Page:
Many of the descants are of a heroic fanfare style. Many, because of the nature of the hymn for which they were written, are subdued as an added counter-melody. Most are intended to be played only on the last verse of the hymn when done with congregational singing, but the melody in the Bb trumpet's key is also provided for the player to utilize on the preceding verses as desired. More info


If you have a heart that wants to be touched, fully half of these writings will touch it. If you are of mind for laughter and mirth, the other half's wit will then clutch it. (And then there are a few extras for the soul.) 209 pages, soft cover, $15.00

The Reader may recognize the title Universal Rx: The Hug from other sources. It has appeared in a Chicken Soup for the Soul book, in a Dear Abby column, on a greeting card and on dozens of websites in at least a dozen different languages. This current book of the author's poems, essays and short stories is a collection of his writings over the past 30 years. About half are serious or sentimental in nature and half are humorous. The former will likely bring tears while the latter will bring laughter. One only needs to read the opening suite of poems entitled Variations on a Candle to judge the word skills and insight of the author. While it displays ability to write in many different styles, his penchant is for rhyme and meter.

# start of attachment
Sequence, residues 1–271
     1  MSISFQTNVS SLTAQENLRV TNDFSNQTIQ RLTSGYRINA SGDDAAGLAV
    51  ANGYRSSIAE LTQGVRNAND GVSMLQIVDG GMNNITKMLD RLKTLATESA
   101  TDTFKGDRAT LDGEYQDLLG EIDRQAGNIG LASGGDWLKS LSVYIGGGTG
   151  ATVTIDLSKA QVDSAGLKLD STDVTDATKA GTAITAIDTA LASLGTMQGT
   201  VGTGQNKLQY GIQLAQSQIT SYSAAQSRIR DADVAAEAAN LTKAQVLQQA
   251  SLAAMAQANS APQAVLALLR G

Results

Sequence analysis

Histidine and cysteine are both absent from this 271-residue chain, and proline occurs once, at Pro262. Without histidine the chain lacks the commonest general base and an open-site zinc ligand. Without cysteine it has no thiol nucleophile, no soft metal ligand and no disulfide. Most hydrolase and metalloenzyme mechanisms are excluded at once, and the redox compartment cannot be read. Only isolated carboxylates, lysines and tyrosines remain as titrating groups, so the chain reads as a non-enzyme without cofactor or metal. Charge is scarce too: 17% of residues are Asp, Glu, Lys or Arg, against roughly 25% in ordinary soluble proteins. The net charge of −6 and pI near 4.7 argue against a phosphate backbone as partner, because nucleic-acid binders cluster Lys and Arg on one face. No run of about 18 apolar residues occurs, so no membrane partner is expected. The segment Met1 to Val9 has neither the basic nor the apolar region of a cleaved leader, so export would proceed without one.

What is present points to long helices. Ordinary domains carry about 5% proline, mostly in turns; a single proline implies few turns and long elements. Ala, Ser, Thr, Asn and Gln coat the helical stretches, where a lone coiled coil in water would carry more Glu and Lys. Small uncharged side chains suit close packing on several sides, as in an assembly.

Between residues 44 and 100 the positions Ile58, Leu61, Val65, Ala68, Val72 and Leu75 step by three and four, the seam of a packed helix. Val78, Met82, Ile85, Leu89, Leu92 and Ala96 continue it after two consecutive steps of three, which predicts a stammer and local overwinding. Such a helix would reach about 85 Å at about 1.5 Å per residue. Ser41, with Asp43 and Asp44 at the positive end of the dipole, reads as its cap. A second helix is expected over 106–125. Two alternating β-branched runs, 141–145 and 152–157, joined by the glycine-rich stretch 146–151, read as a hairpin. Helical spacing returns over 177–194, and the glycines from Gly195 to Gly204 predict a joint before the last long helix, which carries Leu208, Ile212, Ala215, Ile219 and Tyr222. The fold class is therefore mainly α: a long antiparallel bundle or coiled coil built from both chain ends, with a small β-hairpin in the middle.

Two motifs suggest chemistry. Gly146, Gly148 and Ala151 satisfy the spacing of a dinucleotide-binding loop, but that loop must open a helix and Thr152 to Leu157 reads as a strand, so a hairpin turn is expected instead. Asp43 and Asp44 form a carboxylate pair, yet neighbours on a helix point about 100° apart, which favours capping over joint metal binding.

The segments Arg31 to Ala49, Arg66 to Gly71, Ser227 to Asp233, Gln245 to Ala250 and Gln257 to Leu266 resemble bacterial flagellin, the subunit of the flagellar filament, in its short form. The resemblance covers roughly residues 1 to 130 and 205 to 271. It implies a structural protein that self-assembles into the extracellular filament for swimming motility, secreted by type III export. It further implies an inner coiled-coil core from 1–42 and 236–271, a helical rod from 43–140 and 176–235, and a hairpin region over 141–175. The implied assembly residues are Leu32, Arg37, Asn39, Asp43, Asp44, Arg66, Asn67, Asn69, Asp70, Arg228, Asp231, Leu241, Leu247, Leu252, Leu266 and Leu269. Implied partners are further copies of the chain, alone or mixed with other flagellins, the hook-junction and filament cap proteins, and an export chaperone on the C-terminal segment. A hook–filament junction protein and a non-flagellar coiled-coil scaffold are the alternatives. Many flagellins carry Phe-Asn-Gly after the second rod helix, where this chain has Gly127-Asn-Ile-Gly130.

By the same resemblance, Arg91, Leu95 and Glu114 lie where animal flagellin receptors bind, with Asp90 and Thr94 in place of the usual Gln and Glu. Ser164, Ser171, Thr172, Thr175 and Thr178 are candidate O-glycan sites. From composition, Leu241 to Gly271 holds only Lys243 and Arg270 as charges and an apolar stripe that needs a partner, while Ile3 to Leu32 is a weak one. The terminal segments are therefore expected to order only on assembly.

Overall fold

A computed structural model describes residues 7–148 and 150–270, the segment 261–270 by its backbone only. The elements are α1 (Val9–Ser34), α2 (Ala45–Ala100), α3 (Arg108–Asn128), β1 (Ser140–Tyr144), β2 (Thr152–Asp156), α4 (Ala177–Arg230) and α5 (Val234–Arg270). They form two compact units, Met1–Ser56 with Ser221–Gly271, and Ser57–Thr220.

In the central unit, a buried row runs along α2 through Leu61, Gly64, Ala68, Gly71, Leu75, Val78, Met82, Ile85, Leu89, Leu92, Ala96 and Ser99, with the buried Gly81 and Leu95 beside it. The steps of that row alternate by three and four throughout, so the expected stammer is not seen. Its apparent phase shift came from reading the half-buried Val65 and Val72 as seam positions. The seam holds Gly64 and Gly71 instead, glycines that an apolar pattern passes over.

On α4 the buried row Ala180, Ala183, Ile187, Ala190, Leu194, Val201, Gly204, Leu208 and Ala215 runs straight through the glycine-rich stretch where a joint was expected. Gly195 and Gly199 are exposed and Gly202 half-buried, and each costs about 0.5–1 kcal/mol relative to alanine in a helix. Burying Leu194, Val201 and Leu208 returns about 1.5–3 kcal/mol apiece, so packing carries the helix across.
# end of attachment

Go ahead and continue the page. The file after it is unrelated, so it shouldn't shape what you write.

Each subject has artist Heather Brothers' illustration accompanying it. The art work was commissioned by the author to add interest to the writings. The use of illustrations was inspired by a small book by syndicated columnist Dan Valentine bought many years ago. His was a book of sentimental essays with titles such as This is a wife; What is a grandmother?; More info



Readers familiar with the James Hilton novel, Goodbye, Mr. Chips, about the life of a loveable and venerated British boarding school professor of Latin, would find much to compare with W. D. Mooney, except Mooney was real, more versatile and more venerated. The comparison was apparent to one writer for the Memphis Appeal when, in 1938, he wrote about a most unusual retirement party given by former students of Mooney and titled the article, No More Goodbye, Mr. Chips. Mooney had just completed over 50 years of teaching, coaching and being several schools headmaster without missing a single day of school for illness.  Those present or sending telegrams included the very top of business and military leaders from around the country.  So great was their love and admiration for the educator, the donations collected by the organizer of the party provided for the purchase of a very nice house and monthly stipend for Mr. & Mrs. Mooney's retirement, even though some of the students had not seen their mentor in nearly half a century.

He was among the earliest graduates of the famed Webb School before it was removed from Culleoka to Bell Buckle, Tennessee. He was founder of Battle Ground Academy in Franklin, Tennessee, the Mooney School of Murfreesboro and subsequently Harriman, Tennessee, and for many years the Academic Headmaster of Riverside Military Academy, Gainesville, Georgia.